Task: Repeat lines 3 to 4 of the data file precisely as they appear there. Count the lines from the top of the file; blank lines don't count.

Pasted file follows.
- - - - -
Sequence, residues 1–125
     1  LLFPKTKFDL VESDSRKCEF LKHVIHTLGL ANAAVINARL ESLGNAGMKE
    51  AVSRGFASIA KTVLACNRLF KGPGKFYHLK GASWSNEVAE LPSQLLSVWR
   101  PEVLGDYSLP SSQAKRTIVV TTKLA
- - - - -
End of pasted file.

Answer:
    51  AVSRGFASIA KTVLACNRLF KGPGKFYHLK GASWSNEVAE LPSQLLSVWR
   101  PEVLGDYSLP SSQAKRTIVV TTKLA